So, taking into consideration all of the above, here is my wish list.  Christmas is just a few months away and my birthday is 6 months after that.  I’d be willing to combine both gifts into one.  Unless you still owe me a birthday present, then I’d be willing to take a belated Birthday/Early Christmas present.  Oh yeah, the list:

1.  Apple iPad

2.  B&N Nook Color

3.  B&N Nook 2 (assuming that it is exactly like the Nook Color, minus the color)

4.  Kindle DX

5.  Kindle Reader (my main problem with this one was its so small… I might as well just read the ebook on my phone at this point)

and that’s it.  I would never want the Sony eReader.  It was difficult to manage and really the only thing I actually liked about it was that you could use it in more than english (which would be awesome except that I only speak English).  This thing doesn’t even have wifi — You HAVE to plug it into the computer to download books everytime.  While this is true of the B&N Nook as well (for non-B&N books), at least the interface is prettier and much more manageable and if you really had to have that book and couldn’t wait for your computer, you could always buy it from B&N.

Sorry sony eReader.  Its no wonder Borders went out of business if they were selling you AND the Kobo.

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7 thoughts on “Catching up with this whole eReader phase

  1. I have a Sony eReader and I do LOVE it. It’s much much better than Kindle. Easy to use, easy to read, light weight and it’s by Sony and not by Borders. True, Borders introduced it but Sony has all the support for it and it’s seriously great.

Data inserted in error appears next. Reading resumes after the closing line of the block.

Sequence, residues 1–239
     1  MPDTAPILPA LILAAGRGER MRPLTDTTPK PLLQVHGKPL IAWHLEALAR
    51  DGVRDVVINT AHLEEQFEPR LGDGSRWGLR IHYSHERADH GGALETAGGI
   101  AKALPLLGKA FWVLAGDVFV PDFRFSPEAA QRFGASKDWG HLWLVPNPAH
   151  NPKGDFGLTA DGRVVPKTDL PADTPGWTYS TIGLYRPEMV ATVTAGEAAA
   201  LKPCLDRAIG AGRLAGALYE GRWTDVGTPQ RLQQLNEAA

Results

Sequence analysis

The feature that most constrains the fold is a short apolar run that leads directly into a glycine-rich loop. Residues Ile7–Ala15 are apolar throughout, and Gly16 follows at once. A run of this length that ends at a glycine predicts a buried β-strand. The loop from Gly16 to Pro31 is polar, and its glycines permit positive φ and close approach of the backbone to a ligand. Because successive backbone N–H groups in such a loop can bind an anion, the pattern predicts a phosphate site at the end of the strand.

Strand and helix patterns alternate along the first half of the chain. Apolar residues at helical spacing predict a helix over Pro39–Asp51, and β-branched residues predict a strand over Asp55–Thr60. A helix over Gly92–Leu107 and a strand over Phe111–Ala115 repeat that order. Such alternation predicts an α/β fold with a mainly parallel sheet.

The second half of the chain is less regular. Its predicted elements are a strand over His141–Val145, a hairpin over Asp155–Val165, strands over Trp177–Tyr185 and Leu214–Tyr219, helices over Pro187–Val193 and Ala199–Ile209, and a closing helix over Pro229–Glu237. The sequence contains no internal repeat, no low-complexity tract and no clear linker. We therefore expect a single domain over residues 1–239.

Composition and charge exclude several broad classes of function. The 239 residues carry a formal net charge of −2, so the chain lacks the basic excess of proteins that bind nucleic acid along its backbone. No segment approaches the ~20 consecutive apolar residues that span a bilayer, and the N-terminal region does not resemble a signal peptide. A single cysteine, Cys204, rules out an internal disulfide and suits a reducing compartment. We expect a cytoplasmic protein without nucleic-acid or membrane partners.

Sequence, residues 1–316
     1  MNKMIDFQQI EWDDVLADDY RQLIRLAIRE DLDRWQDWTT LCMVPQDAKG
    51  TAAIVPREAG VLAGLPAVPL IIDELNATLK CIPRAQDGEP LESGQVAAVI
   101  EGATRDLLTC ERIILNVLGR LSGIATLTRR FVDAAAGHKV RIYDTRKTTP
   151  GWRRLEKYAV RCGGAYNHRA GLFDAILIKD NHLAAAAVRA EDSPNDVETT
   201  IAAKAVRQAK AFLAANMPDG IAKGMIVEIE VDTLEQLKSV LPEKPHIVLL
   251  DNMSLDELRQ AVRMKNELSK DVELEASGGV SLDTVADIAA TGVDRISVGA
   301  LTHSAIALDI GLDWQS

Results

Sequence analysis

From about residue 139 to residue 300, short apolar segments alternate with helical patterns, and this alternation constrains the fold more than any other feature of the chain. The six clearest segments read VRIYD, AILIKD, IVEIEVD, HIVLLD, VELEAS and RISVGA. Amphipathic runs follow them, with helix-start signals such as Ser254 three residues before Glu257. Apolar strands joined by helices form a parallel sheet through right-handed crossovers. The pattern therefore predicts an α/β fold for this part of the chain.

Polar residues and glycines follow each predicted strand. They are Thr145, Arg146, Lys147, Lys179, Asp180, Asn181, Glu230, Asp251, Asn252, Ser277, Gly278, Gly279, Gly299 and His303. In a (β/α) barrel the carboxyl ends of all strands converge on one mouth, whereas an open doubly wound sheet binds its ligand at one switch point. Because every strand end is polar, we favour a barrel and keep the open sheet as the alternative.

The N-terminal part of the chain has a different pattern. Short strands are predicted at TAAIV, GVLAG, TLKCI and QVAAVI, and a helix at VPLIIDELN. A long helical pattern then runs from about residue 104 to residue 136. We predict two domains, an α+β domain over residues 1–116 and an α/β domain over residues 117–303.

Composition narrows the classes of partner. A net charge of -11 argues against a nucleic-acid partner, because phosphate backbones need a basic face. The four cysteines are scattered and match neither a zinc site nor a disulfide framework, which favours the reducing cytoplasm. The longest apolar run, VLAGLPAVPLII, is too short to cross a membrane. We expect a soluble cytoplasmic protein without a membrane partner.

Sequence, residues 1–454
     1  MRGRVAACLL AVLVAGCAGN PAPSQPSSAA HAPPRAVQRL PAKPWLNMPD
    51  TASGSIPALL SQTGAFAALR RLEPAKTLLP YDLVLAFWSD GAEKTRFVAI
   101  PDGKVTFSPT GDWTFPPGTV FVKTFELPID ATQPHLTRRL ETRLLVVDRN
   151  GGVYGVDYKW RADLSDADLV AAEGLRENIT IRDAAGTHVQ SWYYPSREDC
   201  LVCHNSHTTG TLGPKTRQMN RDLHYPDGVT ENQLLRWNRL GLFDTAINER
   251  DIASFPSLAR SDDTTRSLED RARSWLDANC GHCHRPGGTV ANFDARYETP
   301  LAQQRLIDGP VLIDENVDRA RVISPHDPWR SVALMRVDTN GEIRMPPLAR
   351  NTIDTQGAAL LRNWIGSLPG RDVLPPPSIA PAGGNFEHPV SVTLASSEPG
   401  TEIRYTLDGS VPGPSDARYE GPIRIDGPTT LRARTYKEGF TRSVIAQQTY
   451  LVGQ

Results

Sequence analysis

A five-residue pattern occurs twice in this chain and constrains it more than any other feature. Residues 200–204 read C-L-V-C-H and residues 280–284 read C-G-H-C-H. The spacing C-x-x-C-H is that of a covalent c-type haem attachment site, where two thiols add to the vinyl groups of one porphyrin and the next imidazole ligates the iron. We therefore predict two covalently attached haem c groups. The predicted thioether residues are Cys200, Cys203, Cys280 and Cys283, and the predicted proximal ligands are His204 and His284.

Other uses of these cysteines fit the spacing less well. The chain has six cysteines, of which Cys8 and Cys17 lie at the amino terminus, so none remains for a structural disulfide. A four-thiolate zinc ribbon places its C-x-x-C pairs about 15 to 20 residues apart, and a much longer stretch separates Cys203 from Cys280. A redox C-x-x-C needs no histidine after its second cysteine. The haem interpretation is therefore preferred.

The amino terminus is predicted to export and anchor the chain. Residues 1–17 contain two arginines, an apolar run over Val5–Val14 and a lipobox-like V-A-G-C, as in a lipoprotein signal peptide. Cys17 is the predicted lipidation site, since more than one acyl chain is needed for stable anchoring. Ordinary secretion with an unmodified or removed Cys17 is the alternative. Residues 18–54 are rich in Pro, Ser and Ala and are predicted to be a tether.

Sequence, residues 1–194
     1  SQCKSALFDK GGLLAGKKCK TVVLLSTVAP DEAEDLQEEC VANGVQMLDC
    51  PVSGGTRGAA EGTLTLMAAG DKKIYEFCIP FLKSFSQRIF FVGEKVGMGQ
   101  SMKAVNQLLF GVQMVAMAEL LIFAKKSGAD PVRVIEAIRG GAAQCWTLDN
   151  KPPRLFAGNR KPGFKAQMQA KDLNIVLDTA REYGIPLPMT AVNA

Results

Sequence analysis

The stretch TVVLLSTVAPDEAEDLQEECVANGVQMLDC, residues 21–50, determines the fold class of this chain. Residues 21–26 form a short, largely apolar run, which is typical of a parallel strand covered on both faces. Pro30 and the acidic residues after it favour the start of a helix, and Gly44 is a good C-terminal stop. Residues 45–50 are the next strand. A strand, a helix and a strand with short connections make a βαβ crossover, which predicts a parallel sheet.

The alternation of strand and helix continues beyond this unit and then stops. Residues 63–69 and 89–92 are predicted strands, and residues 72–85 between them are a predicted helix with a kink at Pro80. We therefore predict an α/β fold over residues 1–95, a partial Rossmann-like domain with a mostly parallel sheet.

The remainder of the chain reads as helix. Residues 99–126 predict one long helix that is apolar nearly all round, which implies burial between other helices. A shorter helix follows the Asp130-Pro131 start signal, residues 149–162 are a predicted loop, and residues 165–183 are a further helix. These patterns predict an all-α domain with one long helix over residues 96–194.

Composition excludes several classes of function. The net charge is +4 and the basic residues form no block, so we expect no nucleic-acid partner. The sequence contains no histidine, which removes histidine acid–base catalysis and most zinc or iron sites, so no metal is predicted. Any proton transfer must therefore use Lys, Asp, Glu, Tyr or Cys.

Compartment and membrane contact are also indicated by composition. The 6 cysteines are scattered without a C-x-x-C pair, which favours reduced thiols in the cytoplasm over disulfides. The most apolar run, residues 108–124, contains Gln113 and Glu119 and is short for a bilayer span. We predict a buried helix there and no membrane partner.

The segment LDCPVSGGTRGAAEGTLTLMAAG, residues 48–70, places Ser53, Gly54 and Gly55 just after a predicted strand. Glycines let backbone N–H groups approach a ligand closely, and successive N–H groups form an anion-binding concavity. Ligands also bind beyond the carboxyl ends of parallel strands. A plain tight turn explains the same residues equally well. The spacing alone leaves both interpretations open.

• how do you feel about the size? I think another thing that turned me off was that it was too small. Although the Sony eReader did have the best large print options. No other reader got the font that big – although it wasn’t consistent throughout and had to be changed everytime I turned the page. For awhile, Sony eReaders were the only thing Borders sold, so sorry if I made it sound like Borders owned them in anyway!

      What I like best about eReaders is that there is one for everyone – everyone has different tastes in what they’re looking for and different things, too!

      • I don’t use large fonts, even on my PC i don’t have large fonts. But Sony lets you change the font. That’s interesting that you say everytime you turned the page you had to change the font. I never had that problem; I change the font at the beginning of the book and never touch it again & what I like about it is you can read it landscape or portrait, just like an iPad and for larger fonts I think landscape is better.

        I do agree with you, everyone has a different taste and the good thing about eReaders is that you can choose and find your taste.

  2. The default operating system for the Nook Color is pretty terrible, agreed! What a lot of nerds like me really like about the Nook Color is the fact that you can “root” it to turn it into a fully functional Android tablet. This means you can do the same things with the Nook as a much more expensive tablet. The Android Market has Overdrive, Kindle…and Angry Birds.

    Ars Technica has a good guide on it:

    http://arstechnica.com/gadgets/guides/2011/02/howto-root-a-nook-color-to-transform-it-into-an-android-tablet.ars

    • Wow! I had no idea! I just got my first android phone after having my iPhone forever but finally being fed up with AT&T’s service, and I must say I’m fairly impressed. To change the nook color into a tablet… well, this could definitely change things for me!

      Thanks!

  3. Pingback: Picture Books for iPads « Lessa Librarian